Birding with Nikon Monarch 5 Binoculars

At this point in the pandemic, no one could blame you for itching to get out more. Quarantine is tough on everyone. To stay safe and get out the house, I’ve taken up birdwatching. It doesn’t require anything except your eyes. However, nothing gets me closer to birds than my Nikon Monarch 5 8×42 binoculars. Here’s why I’d recommend them for anyone that wants to bird.


Nikon Monarch 5 8x42 binoculars.

The Monarch 5 8×42 binoculars look deceptively simple, but they’re powerful enough to make a bird feel right in front of you when it’s actually one street block away. The design isn’t bulky or paper thin, sitting satisfyingly in the middle. They feel light, yet sturdy. I never experience any strain when using them with, especially with one hand, for long periods.

An outer rubber coating protects the binoculars from bumps and scrapes. It also doubles as a great grip for sweaty hands and wet days. Since the Monarch 5’s are waterproof and internally fog-proof, they’re great for birding in just about any weather condition. Keep in mind, condensation will still form on the outside of the lens when moving from cold to warm and humid climates.

Having a simple design means there’s little to fuss with when it’s time to put these binoculars to good use. Which is a good thing. Less time spent fiddling with the focus knob is more time spent enjoying the view of the birds. Once the protective lens and eye-caps are off, just adjust the eye-cups and focus knob to take in vivid, bright and detailed views.

The focus knob has just the right amount of pressure for quick adjusting without missing the mark. There’s also a diopter control ring just beneath the left eye cup to clear up blurry views.

Having small hands usually works against me in the tech world. However, the Monarch 5’s fit comfortably in my hands. My only gripe with the Monarch 5 8 x 42 binoculars is with the weight. Technically, 20.8 oz is not heavy. However, after birding for more than 2 hours I start to feel every ounce on my neck. Throw in my Canon DSLR and it doesn’t take long to feel my neck straining from both.


Nikon Monarch 5 8x42 binoculars.

The Monarch 5 8×42 binoculars are equipped with fully multi-coated, extra-low dispersion (ED) eco-glass lens. Fully multi-coated ED glasses, are great at reducing blurring and chromatic aberrations, the coloring of light sometimes found along the edges of objects. They also enhance brightness, color, contrast and resolution of your view. Eco-glass lens are made without led or arsenic.

The roof prism design of the binoculars helps to keep the binoculars compact and lightweight, while internal blackening of metal surfaces on the inside minimizes light loss.


The view from the Monarch 5 8×42 binoculars is vivid, bright, and detailed. I can clearly see the markings and color of birds within 30ft feet to a block away with ease. One thing to note, the bigger the bird, the better the view at greater distances. When it comes to smaller birds like warblers, the view won’t be nearly as good if the bird is more than 40-50ft away. Sometimes it only takes walking a few feet closer to get a better view of smaller birds.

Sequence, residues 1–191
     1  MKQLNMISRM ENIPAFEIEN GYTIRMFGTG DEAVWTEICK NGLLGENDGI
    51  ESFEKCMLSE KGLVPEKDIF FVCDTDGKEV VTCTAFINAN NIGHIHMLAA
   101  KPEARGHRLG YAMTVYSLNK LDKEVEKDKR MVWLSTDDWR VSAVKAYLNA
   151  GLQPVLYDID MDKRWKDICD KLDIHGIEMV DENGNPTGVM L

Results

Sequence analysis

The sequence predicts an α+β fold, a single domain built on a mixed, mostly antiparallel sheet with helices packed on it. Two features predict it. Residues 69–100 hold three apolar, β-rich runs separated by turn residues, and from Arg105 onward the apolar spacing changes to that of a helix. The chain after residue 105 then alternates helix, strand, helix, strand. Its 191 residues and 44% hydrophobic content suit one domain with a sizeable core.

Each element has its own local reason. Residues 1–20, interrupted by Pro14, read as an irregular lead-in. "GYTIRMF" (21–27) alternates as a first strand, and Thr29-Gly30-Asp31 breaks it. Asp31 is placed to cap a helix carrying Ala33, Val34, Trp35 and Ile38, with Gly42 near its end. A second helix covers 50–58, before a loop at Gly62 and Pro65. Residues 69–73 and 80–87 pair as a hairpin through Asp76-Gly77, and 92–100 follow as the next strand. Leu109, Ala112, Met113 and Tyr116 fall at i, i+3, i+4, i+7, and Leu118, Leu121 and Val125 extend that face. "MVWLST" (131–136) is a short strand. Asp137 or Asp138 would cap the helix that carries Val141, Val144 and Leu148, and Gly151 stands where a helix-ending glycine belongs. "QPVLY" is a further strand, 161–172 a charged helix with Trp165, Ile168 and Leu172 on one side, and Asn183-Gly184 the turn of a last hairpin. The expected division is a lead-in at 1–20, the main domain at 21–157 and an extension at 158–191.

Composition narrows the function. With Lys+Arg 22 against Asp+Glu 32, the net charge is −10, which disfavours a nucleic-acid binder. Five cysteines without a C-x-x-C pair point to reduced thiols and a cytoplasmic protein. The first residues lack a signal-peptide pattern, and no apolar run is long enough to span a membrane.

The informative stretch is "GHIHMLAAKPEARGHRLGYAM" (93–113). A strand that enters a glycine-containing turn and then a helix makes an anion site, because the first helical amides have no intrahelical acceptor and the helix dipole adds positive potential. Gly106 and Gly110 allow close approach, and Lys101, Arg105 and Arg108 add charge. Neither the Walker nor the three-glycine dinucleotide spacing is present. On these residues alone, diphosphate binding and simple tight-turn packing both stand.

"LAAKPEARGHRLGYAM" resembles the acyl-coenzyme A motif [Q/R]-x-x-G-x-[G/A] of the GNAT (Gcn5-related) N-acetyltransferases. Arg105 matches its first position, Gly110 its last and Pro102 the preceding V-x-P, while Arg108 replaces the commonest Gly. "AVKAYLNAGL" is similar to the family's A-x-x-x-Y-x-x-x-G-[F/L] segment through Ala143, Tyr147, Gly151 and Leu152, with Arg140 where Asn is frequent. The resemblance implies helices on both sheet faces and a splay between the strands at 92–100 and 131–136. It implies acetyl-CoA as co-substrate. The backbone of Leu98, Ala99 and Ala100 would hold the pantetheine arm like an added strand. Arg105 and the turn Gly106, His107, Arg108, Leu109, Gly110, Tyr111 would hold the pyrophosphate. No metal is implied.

The Monarch 5’s have a close focus distance of around 7.8ft, which I find to be a sweet spot for where you can get a good look of the birds without the binoculars. The field of view on the Monarch 5 is 8×42, which is narrow and magnified 8 times. I love the level of magnification, but the narrow field of view can make it easy to miss a bird that flies off before sighting it through the binoculars.

Low-lighting is one area where the Monarch 5 binoculars shine! When searching for birds in low-lighting the Monarch 5’s let me see what my eyes can’t, which is more than I expect from a pair of binoculars. It’s like having the binocular version of night-sight from the Pixel phones, noticeably brightening low-lit scenes.

While birding at sunset in Piedmont Park (Atlanta, GA), the Monarch 5’s had no trouble clearly showing me an Eastern Towhee hopping around a poorly lit bush. I could barely see the Towhee with my own eyes. However, I could easily see the male’s distinct black head and its small brown and white body through the binoculars.

Separating birds from foreground and background details is another area where the Monarch 5’s excel. Between this and the lens, these binoculars are like having x-ray vision for birds, letting me see through leafy trees and dark bushes.


Nikon Monarch 5 8x42 binoculars.

I honestly can’t think of a reason to upgrade from the Nikon Monarch 5 8x 42’s and am thankful to Nikon for the opportunity to begin my birding journey with these particular binoculars. Previously, I was using my DSLR as makeshift binoculars. Once I started using the Monarch 5’s, I understood the value a good pair of binoculars can add to birdwatching.

The quality of detail you can see through the Monarch 5 8 x 42 binoculars is impressive and sometimes surpasses my DSRL in optics . They’re also very comfortable to use. Beginners and long-time birders alike would enjoy these binoculars. Price wise, you’ll have to spend a pretty penny, but they won’t break the bank at $300 including taxes and shipping. To me, it’s a worthy investment that you won’t have to worry about making again for years to come.

This post contains a sponsored link and/or a free product. All opinions expressed are solely mine.

Corvida Raven

A natural pioneer at grasping the rapidly changing landscape of technology, Corvida Raven talks tech in plain English on